When I decided to start this blog - my third! - I had to select an appropriate name for it. I decided on the one you see above, but several others were under consideration:

ALS well that ends well - Well, there’s only one way this ends – and it ain’t too good.

The Gehrig Chronicles - Lou Gehrig is the name Americans most often associate with ALS. But these are my chronicles, not his.

The Lame Duck Diaries - The term “lame duck“ refers to someone who is still in office but whose successor has already been selected. You’re still around, but you can’t accomplish much.

Writing a blog in these days of Facebook‘s ascendancy seems like a futile and stupid gesture. Nevertheless, I think there’s value in blogging. I have written on various electronic pages for fourteen years now, and I have my own opinions and motivations for doing so, not least of which are self-aggrandizement and time-wastage. But unlike people’s Facebook pages, blogs must seek their own audience. And I think there will be an audience for this one.

I’m writing this because I am one of the tiny percentage of humans who has ALS: amyotrophic lateral sclerosis.

Many people in the US know this disease by its other name, Lou Gehrig’s disease. Gehrig was a famous baseball player - the legendary Iron Horse of the New York Yankees - who resigned in 1939 after having been diagnosed with the mysterious ailment that had caused his formidable batting average to melt away. His farewell speech was a model of humility and strength, a tearjerker unto this day.

ALS got a lot of attention four years ago when people started posting videos of themselves on the Internet getting buckets of ice water dumped on their heads, with the objective of raising money for medical research. Lou would probably have chuckled over those shenanigans.

Here’s what you need to know about ALS: It is incurable, and it is inevitably fatal. The only question is how long it takes to kill you.

Once in a while you’ll hear about an outlier: someone on the far side of the survival curve. Stephen Hawking was one such person, having lived over 40 years after being diagnosed. His was an unusual case, and he put up with a lot of quality-of-life impairment to get there. As for myself, I’m not going to be walking the planet 40 years from now. Of course, that’s no big surprise, given that I am 65 today.

Ten years? Maybe. I’ve spoken with a guy who’s been around that long. But that’s also pretty far out on the curve. It’s much more likely that I will be shuffling off our mortal coil sometime between two and five years from now. I’m not happy with those odds, but facts is facts.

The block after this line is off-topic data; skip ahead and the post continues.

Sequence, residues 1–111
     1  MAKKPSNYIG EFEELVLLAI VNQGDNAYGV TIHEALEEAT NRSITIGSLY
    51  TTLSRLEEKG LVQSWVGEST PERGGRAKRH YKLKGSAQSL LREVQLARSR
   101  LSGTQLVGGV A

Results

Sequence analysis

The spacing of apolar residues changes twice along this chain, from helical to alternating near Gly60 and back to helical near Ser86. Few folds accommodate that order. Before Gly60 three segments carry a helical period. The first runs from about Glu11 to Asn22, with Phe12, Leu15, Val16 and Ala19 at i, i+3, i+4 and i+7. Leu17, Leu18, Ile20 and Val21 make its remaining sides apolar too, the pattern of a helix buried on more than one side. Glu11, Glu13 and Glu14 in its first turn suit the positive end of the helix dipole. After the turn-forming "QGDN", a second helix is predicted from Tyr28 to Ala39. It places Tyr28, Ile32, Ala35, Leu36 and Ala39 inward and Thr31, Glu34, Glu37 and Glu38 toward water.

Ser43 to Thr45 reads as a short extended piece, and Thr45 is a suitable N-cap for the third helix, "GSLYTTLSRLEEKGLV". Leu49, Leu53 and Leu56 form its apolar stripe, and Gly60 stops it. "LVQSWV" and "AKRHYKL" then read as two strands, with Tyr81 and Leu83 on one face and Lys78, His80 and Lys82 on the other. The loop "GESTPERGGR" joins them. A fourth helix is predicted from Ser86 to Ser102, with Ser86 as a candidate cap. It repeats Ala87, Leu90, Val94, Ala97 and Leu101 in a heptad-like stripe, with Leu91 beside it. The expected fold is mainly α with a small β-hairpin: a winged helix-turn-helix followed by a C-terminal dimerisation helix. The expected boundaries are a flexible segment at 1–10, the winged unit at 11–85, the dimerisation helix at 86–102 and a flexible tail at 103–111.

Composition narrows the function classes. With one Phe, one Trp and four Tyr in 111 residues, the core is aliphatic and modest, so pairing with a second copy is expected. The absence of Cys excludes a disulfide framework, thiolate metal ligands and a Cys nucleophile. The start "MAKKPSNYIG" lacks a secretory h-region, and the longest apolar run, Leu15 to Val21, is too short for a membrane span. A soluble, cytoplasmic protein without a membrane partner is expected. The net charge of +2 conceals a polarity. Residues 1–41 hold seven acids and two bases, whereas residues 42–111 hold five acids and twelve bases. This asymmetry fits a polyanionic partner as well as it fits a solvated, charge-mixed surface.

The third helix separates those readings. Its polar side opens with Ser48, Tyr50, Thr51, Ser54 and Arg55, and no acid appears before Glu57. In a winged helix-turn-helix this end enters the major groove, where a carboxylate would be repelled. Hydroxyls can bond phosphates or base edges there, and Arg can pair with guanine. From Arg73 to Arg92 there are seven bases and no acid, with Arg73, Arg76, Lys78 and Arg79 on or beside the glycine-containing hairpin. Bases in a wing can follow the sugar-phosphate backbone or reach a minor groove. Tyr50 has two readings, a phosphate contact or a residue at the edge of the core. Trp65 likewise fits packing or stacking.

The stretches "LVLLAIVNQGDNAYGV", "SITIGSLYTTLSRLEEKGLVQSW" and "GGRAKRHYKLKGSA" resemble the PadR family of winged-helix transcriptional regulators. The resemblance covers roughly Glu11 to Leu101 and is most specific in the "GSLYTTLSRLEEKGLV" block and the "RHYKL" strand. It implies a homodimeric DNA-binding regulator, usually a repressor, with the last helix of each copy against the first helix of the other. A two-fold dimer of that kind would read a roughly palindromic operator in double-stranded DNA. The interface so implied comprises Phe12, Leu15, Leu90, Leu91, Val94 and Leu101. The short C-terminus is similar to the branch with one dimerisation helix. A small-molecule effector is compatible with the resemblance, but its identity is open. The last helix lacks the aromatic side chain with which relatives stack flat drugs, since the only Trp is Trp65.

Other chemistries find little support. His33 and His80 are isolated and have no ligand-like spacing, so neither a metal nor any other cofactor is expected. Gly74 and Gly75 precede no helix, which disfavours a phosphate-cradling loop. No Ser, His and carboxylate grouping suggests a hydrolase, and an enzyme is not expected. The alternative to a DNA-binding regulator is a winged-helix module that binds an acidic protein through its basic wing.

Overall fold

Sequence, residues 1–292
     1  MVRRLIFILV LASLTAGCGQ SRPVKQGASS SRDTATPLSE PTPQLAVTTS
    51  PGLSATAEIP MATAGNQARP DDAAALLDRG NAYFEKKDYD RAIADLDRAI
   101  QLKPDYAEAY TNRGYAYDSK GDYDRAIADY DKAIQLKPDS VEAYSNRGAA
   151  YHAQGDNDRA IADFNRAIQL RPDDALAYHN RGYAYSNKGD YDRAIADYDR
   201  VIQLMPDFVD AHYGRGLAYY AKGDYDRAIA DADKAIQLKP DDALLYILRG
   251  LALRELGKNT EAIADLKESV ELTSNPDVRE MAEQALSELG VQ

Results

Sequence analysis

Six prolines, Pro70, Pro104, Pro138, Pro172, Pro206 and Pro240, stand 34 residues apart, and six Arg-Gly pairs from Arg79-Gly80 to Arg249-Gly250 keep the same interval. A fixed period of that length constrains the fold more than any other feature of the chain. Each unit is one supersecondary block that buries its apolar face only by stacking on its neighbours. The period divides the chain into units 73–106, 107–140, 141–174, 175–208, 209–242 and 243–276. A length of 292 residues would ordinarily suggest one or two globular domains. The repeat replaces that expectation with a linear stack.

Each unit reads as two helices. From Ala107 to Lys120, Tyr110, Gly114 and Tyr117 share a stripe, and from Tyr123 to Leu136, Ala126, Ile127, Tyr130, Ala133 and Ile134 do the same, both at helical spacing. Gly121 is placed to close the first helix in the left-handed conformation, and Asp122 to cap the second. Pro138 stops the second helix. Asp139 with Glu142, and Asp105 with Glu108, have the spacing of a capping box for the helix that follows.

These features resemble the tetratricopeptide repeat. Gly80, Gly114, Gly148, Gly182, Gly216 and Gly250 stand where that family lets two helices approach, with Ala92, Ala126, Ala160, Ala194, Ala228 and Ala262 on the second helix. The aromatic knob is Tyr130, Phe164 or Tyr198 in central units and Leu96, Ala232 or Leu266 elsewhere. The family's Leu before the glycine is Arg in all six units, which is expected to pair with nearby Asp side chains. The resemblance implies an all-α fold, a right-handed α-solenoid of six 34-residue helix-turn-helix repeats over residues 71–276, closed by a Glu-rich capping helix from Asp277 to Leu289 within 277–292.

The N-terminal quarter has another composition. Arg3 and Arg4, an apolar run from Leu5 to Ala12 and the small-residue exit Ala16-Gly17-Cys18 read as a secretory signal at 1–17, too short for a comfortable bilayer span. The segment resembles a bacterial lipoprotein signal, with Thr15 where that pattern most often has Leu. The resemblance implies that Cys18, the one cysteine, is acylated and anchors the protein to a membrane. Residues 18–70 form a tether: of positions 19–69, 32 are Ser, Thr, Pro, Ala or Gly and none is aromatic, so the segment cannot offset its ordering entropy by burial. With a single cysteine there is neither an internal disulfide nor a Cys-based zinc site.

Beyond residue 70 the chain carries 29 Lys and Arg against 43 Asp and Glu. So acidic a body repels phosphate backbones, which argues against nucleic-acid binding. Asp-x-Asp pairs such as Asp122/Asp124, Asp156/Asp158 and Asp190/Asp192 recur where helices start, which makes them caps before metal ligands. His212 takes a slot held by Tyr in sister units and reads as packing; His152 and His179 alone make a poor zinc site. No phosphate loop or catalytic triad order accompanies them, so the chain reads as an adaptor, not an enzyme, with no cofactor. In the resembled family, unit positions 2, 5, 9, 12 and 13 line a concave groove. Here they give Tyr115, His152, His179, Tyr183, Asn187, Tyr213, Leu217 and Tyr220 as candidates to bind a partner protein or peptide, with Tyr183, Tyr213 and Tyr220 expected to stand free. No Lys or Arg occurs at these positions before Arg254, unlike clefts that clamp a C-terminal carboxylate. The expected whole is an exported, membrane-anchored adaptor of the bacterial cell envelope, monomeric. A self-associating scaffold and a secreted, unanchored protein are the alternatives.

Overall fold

There’s a lot of exciting medical research going on right now, much of it involving stem cells. Some of the studies even indicate that the progress of the disease can be reversed. This is awfully good news, but probably not for me. The likelihood of a working stem cell therapy being available to me in time is not a proposition that any betting man would take.

I’ve often said that we buy a lottery ticket every day when we get out of bed. In fact, we buy a whole bunch of them, and there’s a way higher chance of us getting a winner than if we buy one of those Mega Millions jackpot ducats. I’m talking about the “Getting Hit by a Bus” lottery. Or the “Kidney Cancer” lottery. And I, friends, have won the fucking jackpot.

I’m planning to write here until I no longer am able to do so... and I hope that’s a long time. But my mad typing skillz, always questionable at best, are now being challenged in all kinds of new ways. So, as Timothy Treadwell famously said, bear with me. Because this is my last and most personal story.


  1. Such heartbreaking news so beautifully told. I will certainly subscribe to your news letter.

  2. I'm sorry to get this news, but I'll be reading you faithfully as always.

    1. Kevin, you've been there for all the rough times. My thanks.

  3. You and your entire family are in my prayers

  4. You are the wordsmith of wordsmiths.

    I can only parrot the words of the great Houston football coach Bum Phillips:

    You might not be in a class by yourself, but it don't take long to call the roll.

    I shall stay tuned in!

  5. Thank you for writing this, Steve.
    A friend of mine died from ALS. He was incredibly inspiring. Here are 2 articles about his decisions about end of life.

  6. Well shit. What can I say? God bless you.

  7. Dad, I mean the only thing I can say is - I can't believe (and LOVE) that you "quoted" Timothy Treadwell. Well done.